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Sep 17, 2017 11:59:31   #
ps802
 
I just finished knitting a fan and feather scarf in dark purple yarn. As I was blocking it, I noticed 2 dropped stitches. I have no leftover yarn to fix the dropped stitches. Does anyone have a suggestion? It is a gift and I don't want to give it like this in case it starts to unravel.
 
Sep 17, 2017 12:07:29   #
beachknit
 
http://kin.knititnow.com/2017/01/06/rescue-a-dropped-stitch/
Sep 17, 2017 12:15:36   #
ps802
 
Thank you for the link to fixing a dropped stitch. My problem, which I guess I didn't state clearly, is that I don't have any yarn to match the garment. I am looking for suggestions on an alternative to the yarn to use to fix the dropped stitch.
Sep 17, 2017 12:17:28   #
PaKnitter
 
I would use beachknit's suggestion with a yarn as close in color as you can match or an embroidery floss, maybe?
Sep 17, 2017 12:23:19   #
ps802
 
I will look for embroidery floss. It will be cheaper than buying a skein of yarn. Thank you so much for the suggestion.
Sep 17, 2017 12:24:16   #
rkr
 
Sewing thread is very strong and can be easily color-matched. It's also invisible after careful tacking of the dropped sts into place.
 
Sep 17, 2017 13:16:39   #
PaKnitter
 
rkr wrote:
Sewing thread is very strong and can be easily color-matched. It's also invisible after careful tacking of the dropped sts into place.


Many forum members have said sewing thread and dental floss cuts into the yarn over time so I didn't mention it. But I have used sewing thread before but stopped as I just don't know?
Sep 17, 2017 13:28:42   #
rkr
 
PaKnitter wrote:
Many forum members have said sewing thread and dental floss cuts into the yarn over time so I didn't mention it. But I have used sewing thread before but stopped as I just don't know?
Any thread can be 'cutting agent' given enough lateral movement. But how much movement is there going to be over a 1/8th inch section of tacked sts?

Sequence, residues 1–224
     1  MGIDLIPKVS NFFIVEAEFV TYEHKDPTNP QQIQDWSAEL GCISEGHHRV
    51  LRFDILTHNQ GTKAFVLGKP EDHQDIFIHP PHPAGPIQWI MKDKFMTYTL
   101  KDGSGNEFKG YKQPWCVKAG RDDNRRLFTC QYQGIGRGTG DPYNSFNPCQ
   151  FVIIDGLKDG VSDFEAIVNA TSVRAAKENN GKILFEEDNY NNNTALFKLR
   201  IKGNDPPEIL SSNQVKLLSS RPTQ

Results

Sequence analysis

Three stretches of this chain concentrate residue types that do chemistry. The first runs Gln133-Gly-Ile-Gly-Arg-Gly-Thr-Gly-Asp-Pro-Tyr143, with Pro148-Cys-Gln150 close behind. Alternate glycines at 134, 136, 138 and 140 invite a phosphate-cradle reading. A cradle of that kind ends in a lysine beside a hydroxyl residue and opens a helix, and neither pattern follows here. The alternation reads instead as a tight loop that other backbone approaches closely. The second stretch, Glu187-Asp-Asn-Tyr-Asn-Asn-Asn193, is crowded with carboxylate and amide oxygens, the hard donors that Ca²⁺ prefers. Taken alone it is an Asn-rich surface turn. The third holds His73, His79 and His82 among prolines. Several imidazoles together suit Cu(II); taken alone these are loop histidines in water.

As to sewing thread cutting through, our clothing - which is held together with sewing thread, would literally fall off of us when the thread holding the fabric pieces together cut through the seamlines......and there is constant and consistent lateral movement of this thread.

I regulartly see posts about the cutting quality of dental floss but not one example of this as a cutting agent has ever been shown to validate this.
This has become a factoid(an assumption or speculation that is reported and repeated so often that it becomes accepted as fact.).
I would certainly welcome any actual proof of this.
Sep 17, 2017 13:53:15   #
sritchie1145 (a regular here)
 
What about your starting and/or ending end? Does one of them have enuf yarn?
Sep 17, 2017 14:29:34   #
Dangrktty
 
You did not mention... how far down are the 2 dropped stitches ?

Since this is a Feather and Fan, you may be able to repair this without the sewing thread option.

You can wait until this is entirely blocked and dry, tink back the bound off edge, and run a lifeline just under (row before) the 2 dropped stitches. Reknit, in pattern, and bind off. Since you have no more yarn, you may have to sacrifice a couple of rows, but it it a 2 row pattern repeat, and depending on the yarn and stitch gauge, that may or may not matter, since this is a scarf.
Sep 17, 2017 17:26:44   #
ps802
 
The dropped stitches are in the middle of the scarf. Too far down to rip out to repair. I think I am going to go with the embroidery thread if I can find the right color. Thank you everyone for your suggestions.
 
Sep 18, 2017 06:43:42   #
SouthernGirl
 
if you have no yarn left, I would use sewing thread in a matching color and tack the stitches where they are.
Sep 18, 2017 07:19:57   #
MyDogHasFleece
 
SouthernGirl wrote:
if you have no yarn left, I would use sewing thread in a matching color and tack the stitches where they are.


I agree. And only YOU will know it's there. Nobody else, seeing this beautiful scarf would even notice it!

Good Luck....
Sep 18, 2017 08:27:23   #
betty boivin (a regular here)
 
You could also sew on some beads randomly, therefore hiding the repair.
Sep 18, 2017 08:55:42   #
Carol J.
 
I have mended many a sweater with embroidery floss. You can always find the right color in floss. Anchor the dropped stitch on the wrong side with strands to match the yarn thickness.
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